Barbara T. Kerr | EurekAlert!
Further information:
http://www.rei.edu/

More articles from Health and Medicine:

nachricht Uncuffing nitric oxide production: Beta-arrestin2 complexes regulate NO levels
05.06.2020 | Medical University of South Carolina

nachricht Diabetes mellitus: A risk factor for early colorectal cancer
27.05.2020 | Nationales Centrum für Tumorerkrankungen (NCT) Heidelberg

All articles from Health and Medicine >>>

The most recent press releases about innovation >>>

Die letzten 5 Focus-News des innovations-reports im Überblick:

Im Focus: Restoring vision by gene therapy

Latest scientific findings give hope for people with incurable retinal degeneration

Humans rely dominantly on their eyesight. Losing vision means not being able to read, recognize faces or find objects. Macular degeneration is one of the major...

Im Focus: Small Protein, Big Impact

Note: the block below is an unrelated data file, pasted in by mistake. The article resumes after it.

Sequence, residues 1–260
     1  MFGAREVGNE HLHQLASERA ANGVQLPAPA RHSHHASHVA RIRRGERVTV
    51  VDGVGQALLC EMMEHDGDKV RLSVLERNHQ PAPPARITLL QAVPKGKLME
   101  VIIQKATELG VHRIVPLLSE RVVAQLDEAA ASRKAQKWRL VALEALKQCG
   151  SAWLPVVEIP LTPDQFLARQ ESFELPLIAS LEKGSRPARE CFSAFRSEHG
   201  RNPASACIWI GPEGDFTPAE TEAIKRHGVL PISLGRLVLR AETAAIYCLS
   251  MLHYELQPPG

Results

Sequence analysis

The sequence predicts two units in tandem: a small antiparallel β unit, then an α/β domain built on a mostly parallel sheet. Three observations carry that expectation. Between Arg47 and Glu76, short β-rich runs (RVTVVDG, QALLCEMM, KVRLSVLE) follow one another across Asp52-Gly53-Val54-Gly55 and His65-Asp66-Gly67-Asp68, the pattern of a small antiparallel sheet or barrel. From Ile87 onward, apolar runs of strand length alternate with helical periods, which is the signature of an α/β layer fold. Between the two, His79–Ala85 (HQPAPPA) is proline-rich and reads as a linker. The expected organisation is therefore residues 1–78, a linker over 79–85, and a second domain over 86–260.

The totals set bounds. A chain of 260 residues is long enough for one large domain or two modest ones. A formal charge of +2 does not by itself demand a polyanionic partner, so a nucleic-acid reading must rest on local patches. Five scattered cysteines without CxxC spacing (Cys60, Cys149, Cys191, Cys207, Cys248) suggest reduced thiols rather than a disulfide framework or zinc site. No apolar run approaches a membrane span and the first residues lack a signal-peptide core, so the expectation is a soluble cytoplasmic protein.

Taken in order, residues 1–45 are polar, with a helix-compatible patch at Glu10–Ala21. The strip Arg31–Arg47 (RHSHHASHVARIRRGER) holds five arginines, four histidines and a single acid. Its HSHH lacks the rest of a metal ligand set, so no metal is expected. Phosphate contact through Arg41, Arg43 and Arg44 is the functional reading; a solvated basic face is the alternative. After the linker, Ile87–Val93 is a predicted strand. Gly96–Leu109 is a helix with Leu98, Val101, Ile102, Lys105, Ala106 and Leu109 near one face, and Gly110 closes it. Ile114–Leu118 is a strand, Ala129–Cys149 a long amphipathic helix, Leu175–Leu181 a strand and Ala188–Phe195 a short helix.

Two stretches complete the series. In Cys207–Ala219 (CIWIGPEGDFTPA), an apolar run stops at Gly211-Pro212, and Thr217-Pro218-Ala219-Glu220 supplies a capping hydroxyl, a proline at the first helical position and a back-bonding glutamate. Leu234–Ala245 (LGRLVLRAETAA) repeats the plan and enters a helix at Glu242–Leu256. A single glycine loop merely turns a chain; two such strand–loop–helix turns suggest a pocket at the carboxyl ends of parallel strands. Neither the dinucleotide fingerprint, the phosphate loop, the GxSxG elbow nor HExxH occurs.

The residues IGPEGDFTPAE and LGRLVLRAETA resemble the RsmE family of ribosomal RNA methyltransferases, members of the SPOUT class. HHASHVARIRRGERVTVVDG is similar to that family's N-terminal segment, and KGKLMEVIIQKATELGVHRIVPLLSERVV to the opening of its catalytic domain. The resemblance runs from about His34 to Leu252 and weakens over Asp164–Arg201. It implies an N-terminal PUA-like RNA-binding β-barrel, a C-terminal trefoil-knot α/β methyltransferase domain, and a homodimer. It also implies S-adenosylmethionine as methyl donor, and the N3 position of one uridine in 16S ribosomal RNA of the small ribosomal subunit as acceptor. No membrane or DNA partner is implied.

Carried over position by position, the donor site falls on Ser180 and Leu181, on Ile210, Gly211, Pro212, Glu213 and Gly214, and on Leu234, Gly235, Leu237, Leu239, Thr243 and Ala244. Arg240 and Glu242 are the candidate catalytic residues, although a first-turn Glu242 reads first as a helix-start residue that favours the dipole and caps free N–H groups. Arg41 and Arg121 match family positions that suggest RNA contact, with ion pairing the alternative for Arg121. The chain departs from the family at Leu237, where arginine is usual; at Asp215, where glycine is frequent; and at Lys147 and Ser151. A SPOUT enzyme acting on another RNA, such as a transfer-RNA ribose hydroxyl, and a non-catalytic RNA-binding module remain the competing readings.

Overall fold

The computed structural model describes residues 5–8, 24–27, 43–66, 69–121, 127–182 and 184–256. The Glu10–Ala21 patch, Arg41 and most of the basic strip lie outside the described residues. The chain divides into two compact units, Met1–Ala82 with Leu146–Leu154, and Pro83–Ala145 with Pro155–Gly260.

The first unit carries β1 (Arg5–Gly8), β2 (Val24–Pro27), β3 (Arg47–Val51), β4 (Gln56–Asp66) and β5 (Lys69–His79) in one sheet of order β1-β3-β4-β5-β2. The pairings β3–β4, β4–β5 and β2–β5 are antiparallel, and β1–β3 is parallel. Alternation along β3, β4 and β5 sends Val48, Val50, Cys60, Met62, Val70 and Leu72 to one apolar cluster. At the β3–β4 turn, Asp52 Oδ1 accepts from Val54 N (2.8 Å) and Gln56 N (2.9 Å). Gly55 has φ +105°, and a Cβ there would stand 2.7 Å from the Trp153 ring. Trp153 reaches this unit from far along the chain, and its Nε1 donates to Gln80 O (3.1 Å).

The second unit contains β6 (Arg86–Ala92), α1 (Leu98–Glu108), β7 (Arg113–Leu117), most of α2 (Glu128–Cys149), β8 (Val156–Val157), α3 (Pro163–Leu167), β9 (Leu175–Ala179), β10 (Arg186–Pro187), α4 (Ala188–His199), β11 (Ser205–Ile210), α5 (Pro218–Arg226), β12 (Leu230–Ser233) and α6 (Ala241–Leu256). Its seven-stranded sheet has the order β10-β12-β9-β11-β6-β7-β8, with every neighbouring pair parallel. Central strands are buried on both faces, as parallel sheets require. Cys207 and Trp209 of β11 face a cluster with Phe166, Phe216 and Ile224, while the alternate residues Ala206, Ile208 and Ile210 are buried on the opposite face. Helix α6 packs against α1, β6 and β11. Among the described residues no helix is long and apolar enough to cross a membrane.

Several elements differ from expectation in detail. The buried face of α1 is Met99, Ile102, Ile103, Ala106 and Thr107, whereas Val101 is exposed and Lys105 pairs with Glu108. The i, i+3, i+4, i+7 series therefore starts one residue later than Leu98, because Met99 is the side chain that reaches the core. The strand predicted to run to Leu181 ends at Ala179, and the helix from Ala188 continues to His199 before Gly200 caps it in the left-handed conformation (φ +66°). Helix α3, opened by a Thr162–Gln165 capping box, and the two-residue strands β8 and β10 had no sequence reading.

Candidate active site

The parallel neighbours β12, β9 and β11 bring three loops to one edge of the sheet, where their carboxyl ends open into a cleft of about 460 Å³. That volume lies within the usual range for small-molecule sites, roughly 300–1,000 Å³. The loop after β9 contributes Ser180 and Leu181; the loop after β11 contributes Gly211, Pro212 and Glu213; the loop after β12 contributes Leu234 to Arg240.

In meningococci, the RNA-binding protein ProQ plays a major role. Together with RNA molecules, it regulates processes that are important for pathogenic properties of the bacteria.

Meningococci are bacteria that can cause life-threatening meningitis and sepsis. These pathogens use a small protein with a large impact: The RNA-binding...

Im Focus: K-State study reveals asymmetry in spin directions of galaxies

Research also suggests the early universe could have been spinning

An analysis of more than 200,000 spiral galaxies has revealed unexpected links between spin directions of galaxies, and the structure formed by these links...

Im Focus: New measurement exacerbates old problem

Two prominent X-ray emission lines of highly charged iron have puzzled astrophysicists for decades: their measured and calculated brightness ratios always disagree. This hinders good determinations of plasma temperatures and densities. New, careful high-precision measurements, together with top-level calculations now exclude all hitherto proposed explanations for this discrepancy, and thus deepen the problem.